Amartya Sen, The Idea of Justice Belknap Press (2011)

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Amartya Sen, The Idea of Justice

Belknap Press (2011)

Amartya Sen, recipient of the Nobel prize in Economics in 1998, is a very special economist. He has first-rate technical skills, he is a fine interpreter of the empirical evidence on the causes of famine and poverty around the world, he has a deep commitment to egalitarian social change, and he is a looming figure in modern political philosophy. Sen is a key contributor to the current movement towards integrating the insights of the various social sciences towards better understanding of society and increasing our capacity to improve social policy interventions in to economic and political life.
The Idea of Justice is a large, meandering book that is accessible to the novice in social theory and political philosophy, and includes most of the ideas Sen has championed in his long and productive career, plus a new idea that leads him beyond such established contemporary political philosophers as John Rawls and Ronald Dworkin.
In much the same way as German philosopher Jürgen Habermas, Sen’s commitment to freedom and democracy is based not on distributional issues, but rather on a deep understanding of the importance of communicative discourse and public debate in making the good society. This commitment fits well with Sen’s major contribution to welfare economics, which is providing an alternative to the selfish and materialistic Homo Economicus of standard neoclassical economics. For traditional economics, well-being is a function of the goods and services and individual enjoys. For Sen, well-being is a function of how fully and vigorously an individual exercises his human capabilities. Democracy, then, is less about who gets what, and more about how people come to craft both their personal life-meaning and their collective destiny through political participation and discourse.
As an indication of the power of Sen’s reasoning, he shows clearly how a commitment to a capabilities orientation to human welfare helps understand why income and welfare are conceptually and factually distinct and only somewhat correlated. Sen treats poverty as an inability to develop and exercise one’s personal capacities. Thus, a family in the United States can have much higher income than another in a third world country and yet suffer from poverty while its third world counterpart does not. This is because the US family may be socially dysfunctional, or may live in a community that fails to provide the social relations and cooperative institutions that allow people to develop their capacities even though lacking in income.
Sen’s innovation in this book is to critique the “transcendental institutionalism” of such traditional moral philosophers as Hobbes, Rousseau, Kant, Dworkin and Rawls, who seek to define a set of social institutions that foster “perfect justice,” Sen argues that perfect justice is not capable of attainment, and it is better to focus on how society can be improved from its current state, give its actual pattern of injustices.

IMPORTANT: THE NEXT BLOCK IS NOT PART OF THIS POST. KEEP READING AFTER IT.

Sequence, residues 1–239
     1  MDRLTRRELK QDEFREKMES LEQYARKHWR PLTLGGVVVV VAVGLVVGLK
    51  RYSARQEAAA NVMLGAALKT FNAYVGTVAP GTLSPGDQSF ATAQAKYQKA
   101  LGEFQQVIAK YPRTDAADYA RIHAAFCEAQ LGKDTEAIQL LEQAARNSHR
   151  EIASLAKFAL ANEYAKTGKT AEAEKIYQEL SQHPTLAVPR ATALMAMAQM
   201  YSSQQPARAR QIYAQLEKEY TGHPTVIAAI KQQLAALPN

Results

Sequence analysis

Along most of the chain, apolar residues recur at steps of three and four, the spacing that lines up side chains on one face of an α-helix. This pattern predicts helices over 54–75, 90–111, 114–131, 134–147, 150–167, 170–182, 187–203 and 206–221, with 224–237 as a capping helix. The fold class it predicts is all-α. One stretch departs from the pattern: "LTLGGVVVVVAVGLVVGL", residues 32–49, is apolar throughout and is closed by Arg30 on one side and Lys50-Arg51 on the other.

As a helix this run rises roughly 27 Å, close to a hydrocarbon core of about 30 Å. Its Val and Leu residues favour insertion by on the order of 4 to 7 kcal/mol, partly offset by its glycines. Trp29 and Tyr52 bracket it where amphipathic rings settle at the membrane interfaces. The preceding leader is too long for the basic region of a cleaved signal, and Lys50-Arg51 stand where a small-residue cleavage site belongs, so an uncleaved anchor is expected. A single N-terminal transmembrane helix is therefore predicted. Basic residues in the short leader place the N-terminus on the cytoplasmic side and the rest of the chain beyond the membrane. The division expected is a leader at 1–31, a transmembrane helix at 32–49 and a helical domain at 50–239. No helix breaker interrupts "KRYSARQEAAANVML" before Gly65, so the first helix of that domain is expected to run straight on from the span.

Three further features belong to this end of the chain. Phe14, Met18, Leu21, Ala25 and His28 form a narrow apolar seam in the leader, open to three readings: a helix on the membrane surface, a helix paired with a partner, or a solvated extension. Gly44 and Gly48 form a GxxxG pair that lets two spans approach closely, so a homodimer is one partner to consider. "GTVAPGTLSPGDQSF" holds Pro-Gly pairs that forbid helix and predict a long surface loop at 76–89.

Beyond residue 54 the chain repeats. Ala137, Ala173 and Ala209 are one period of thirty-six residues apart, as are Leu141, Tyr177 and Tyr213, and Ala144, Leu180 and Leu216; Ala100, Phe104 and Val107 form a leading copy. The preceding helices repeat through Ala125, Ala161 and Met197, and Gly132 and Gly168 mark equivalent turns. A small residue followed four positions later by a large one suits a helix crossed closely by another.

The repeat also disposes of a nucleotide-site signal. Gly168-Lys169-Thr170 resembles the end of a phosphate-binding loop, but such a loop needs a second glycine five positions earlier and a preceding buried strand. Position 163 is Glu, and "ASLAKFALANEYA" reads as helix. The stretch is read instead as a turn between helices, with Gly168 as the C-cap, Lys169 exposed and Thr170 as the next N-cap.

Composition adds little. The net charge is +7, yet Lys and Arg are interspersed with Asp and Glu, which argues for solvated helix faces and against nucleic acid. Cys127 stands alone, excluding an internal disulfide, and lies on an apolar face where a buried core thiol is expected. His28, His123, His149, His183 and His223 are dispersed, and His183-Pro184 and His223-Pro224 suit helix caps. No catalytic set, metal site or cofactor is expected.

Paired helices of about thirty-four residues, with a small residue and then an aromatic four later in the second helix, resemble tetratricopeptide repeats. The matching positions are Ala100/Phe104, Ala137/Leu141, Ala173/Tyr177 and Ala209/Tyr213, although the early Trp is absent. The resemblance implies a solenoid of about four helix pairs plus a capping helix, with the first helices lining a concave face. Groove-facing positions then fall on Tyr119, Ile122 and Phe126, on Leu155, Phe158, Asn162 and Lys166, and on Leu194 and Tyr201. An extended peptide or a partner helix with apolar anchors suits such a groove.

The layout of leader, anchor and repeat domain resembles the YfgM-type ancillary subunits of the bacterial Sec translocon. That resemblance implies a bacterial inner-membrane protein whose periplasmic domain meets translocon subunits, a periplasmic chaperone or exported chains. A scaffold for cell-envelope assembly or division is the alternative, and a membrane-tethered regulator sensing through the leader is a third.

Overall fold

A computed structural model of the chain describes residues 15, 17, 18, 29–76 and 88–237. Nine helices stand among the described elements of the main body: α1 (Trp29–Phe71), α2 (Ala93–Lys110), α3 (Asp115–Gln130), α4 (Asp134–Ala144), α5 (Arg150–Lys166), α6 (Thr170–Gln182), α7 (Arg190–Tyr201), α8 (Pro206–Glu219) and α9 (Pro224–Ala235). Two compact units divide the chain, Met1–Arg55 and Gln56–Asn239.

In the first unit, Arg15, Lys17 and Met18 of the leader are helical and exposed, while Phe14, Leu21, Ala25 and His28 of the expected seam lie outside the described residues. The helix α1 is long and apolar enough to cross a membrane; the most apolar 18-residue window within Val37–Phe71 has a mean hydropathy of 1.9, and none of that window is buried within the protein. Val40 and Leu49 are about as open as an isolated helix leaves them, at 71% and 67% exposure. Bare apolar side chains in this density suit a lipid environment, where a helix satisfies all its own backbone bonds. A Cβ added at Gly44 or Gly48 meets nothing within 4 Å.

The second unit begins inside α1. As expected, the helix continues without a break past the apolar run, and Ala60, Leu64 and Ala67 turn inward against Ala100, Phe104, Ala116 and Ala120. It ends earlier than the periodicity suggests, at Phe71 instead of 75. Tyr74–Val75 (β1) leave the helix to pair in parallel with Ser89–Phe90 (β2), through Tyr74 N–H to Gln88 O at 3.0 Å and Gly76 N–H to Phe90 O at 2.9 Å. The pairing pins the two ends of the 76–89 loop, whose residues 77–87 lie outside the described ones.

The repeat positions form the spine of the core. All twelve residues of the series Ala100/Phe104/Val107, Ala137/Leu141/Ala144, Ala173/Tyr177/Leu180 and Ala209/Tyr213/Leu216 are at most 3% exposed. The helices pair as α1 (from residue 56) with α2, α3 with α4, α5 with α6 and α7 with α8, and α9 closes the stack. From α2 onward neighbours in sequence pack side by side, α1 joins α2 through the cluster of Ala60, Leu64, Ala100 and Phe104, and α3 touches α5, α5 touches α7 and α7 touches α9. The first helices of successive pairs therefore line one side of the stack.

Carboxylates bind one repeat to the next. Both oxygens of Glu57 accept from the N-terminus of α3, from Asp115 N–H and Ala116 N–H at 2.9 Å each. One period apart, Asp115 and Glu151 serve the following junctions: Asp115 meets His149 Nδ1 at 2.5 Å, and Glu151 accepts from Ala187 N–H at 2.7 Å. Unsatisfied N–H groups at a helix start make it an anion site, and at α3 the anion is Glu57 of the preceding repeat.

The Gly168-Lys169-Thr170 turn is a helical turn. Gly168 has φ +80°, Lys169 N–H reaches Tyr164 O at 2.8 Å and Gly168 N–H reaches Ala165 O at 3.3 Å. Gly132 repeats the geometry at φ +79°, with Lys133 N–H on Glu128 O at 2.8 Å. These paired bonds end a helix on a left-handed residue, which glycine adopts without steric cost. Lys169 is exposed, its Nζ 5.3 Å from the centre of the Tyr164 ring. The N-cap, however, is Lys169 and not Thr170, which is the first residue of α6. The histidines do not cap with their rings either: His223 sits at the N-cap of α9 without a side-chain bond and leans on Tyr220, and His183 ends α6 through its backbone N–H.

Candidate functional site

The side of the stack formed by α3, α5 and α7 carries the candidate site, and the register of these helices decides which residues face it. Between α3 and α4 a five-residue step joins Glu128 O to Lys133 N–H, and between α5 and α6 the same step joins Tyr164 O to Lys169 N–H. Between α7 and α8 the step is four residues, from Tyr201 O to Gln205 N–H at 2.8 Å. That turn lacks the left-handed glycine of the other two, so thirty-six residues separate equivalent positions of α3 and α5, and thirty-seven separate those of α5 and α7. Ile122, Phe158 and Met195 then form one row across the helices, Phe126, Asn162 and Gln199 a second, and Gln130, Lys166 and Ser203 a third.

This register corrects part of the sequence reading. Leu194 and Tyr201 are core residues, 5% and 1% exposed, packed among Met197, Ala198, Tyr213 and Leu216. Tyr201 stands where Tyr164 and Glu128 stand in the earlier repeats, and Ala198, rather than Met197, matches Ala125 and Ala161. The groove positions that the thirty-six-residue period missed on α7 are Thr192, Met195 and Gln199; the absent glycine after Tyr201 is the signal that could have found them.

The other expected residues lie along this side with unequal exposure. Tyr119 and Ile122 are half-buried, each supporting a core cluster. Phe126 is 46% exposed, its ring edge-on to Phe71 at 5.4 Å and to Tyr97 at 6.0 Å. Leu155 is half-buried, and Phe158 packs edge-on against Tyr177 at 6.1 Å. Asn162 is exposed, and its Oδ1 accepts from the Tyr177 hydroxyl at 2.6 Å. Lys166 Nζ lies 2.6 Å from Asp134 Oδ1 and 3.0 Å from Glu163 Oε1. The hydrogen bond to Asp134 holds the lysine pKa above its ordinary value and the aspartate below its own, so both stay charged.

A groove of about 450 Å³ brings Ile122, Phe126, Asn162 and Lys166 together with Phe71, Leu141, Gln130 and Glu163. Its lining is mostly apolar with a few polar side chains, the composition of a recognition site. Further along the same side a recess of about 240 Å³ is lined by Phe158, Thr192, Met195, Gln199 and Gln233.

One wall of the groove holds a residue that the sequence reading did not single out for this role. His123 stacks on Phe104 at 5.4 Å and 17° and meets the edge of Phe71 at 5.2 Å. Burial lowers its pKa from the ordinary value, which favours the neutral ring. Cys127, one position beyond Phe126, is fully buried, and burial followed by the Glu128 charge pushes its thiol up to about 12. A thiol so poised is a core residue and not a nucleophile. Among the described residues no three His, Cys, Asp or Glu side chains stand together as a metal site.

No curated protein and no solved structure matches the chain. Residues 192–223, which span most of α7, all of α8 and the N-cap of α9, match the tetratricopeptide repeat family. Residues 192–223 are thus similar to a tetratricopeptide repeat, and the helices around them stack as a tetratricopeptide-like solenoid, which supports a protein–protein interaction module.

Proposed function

I have two major criticisms of this book. The first is that Sen has not updated his model of the individual or his critique of the neoclassical model of economic man since his important contributions of thirty or forty years ago.
You would not discover by reading this book that there has been a virtual revolution in economic thought concerning human nature starting in the 1980's with behavioral game theory, experimental economics, and more recently, neuroeconomics. We can now go far beyond Sen’s rather diffident and anemic argument that people are not always completely selfish. Perhaps Sen considers this new research deficient in some way. Or, perhaps such empirical findings do not belong in the same league as the venerable Western and Indian philosophers he quotes so liberally. We simply do not know what Sen thinks about this, or what his motives were to ignore this rich vein of research of obvious relevance to his argument.
My second problem is a bit more fundamental. I am extremely skeptical concerning the whole approach to justice that has dominated analytical philosophy since Rawls’ seminal A Theory of Justice. Sen critiques John Rawls, Ronald Dworkin, G. A. Cohen and other left-liberal thinkers on grounds of the impossibility of perfect justice. However, the real problem with these thinkers is that they believe justice is a matter of the distribution of wealth and income. This is not at all what justice means to most voters and citizens, who rather follow Robert Nozick in believing that justice consists in individuals getting that to which they are entitled by virtue of legitimate production, exchange, and inheritance. Serious thinkers must find the idea that ideal justice consists of complete social equality to be deeply repugnant.
In this view, justice is not fairness at all. Nevertheless, we can accept an entitlement view of justice and yet recognize that poverty, not some abstract inequality of income and wealth, is a real enemy of social wellbeing, not because it is unfair but because it is a preventable disease, like malaria, that we should not permit to inflict the young and innocent. Full social equality, then, is not a lamentable unattainable ideal state, but rather a thankfully unattainable monstrosity because it presupposes the absence of personal accountability and effectivity.
Sen’s critique of the Rawlsian tradition is anemic and trivial. For this reason I find this book deeply disappointing. It is altogether too genteel in dealing with a philosophical tradition that deserves to be bitterly criticized, not gently reproached for its excessive zeal in the pursuit of an unattainable ideal.

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